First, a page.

Lifestyle Diseases and Personal Finance

If you watch the news or read many magazines or newspapers, you’ve probably heard about “lifestyle diseases.” These are diseases and ailments that we get because our lifestyle and/or environment are unhealthy. Some examples:

  • Obesity
  • Alcoholism
  • Diseases associated with smoking such as lung cancer, asthma or emphysema
  • Drug abuse
  • Depression/anxiety
  • Some forms of cancer related to diet, sun exposure, or other lifestyle factors
  • High blood pressure
  • Heart disease
  • Diabetes

As with any medical problem, the cause is not always only your lifestyle or environment, but for certain diseases lifestyle has been proven to be a big contributing factor. And in cases where your lifestyle is the cause, correcting the lifestyle can cure, or at least improve, your condition. This means that a lot of your health is under your control. So what does this have to do with personal finance? A lot.

Lifestyle diseases are expensive to come down with and to live with. They have a lot of costs that more people don’t even think about. Not only do you have to pay the increased health care and pharmaceutical costs, there are often other costs associated with having a lifestyle that is out of whack and leading to disease. Here are some examples of the hidden costs of lifestyle diseases.

  • Once you are diagnosed with a lifestyle disease, health and life insurance become very expensive (if not impossible) to acquire. Without health insurance, your financial troubles will mount very quickly as your disease progresses.
  • If you are obese, you face many hidden costs. You probably pay more for food. Plus-size clothing is often more expensive than standard sizes. Travel costs are higher if you have to buy two seats. Your fuel costs are higher because your car has to work harder to haul the weight. And your car will likely need more repairs because the engine and suspension are always under strain.
  • If you smoke, you have to pay for the cigarettes (and the insane taxes associated with them). You might have to pay for special clothing or upholstery cleaning to remove the smell. Unless you like yellow tinted walls, you probably paint more often.
  • If you drink, liquor itself is expensive. Drink so much that you miss work, you don’t get paid. Drink even more and you’ll get fired because you miss work too often. Drink and drive and kill someone and the lawsuits will bury you. Same with drugs.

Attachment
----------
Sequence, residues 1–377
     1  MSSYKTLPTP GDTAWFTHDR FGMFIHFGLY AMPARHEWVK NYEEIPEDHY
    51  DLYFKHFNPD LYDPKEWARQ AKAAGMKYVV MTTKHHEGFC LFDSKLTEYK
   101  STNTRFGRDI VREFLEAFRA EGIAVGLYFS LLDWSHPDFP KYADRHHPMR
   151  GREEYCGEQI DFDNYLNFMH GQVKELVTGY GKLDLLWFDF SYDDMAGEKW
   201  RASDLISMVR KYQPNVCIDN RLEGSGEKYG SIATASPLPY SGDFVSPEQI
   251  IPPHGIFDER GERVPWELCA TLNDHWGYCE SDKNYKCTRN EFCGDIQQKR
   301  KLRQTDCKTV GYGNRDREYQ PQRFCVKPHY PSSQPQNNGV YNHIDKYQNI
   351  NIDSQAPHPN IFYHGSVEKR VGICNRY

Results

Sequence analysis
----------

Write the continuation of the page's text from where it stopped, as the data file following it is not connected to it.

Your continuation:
• If you are constantly under stress, not only are you flirting with a heart attack, stroke or depression, you’re probably also eating out more and shopping more to cope with your stress. Retail therapy is expensive.
  • Colon cancer and heart disease are often found in people who eat a lot of fatty, high calorie, and over processed foods. And these foods are more expensive than their fresher, less process counterparts.
  • Any lifestyle disease can cost you in terms of productivity and time. You have less energy and ability to get things done and you may miss work more often, leading to missed paychecks or missed income opportunities.

And the even worse news is that one lifestyle disease easily leads to another. Once you have one, you’re well on the road to having more. You’re obese so you get depressed. You get depressed and your risk of heart disease goes up. You’re stressed out so you smoke or drink to calm yourself. You’re stressed out so you eat out a lot to save time. Then before you know it you’re obese from all the calories. Then you’re headed for a heart attack. It can become a never ending cycle of disease and expenses.

Once you have a lifestyle disease, you spend more and more to make yourself feel better, too. Self-medication can be just as expensive as medical costs. You may engage in a lot of retail therapy, pay for experimental treatments, try special gizmos and gadgets designed to alleviate the condition, and so on. The more lifestyle diseases you come down with, the more expenses you incur. Even if you have great insurance that pays for all of your health care, the associated hidden costs can drain your finances. You can go bankrupt paying for diseases that were preventable. Most people just shrug and say, “Well, that’s just what it costs to live,” and don’t make the association between their poor finances and the lifestyle diseases that are plaguing them.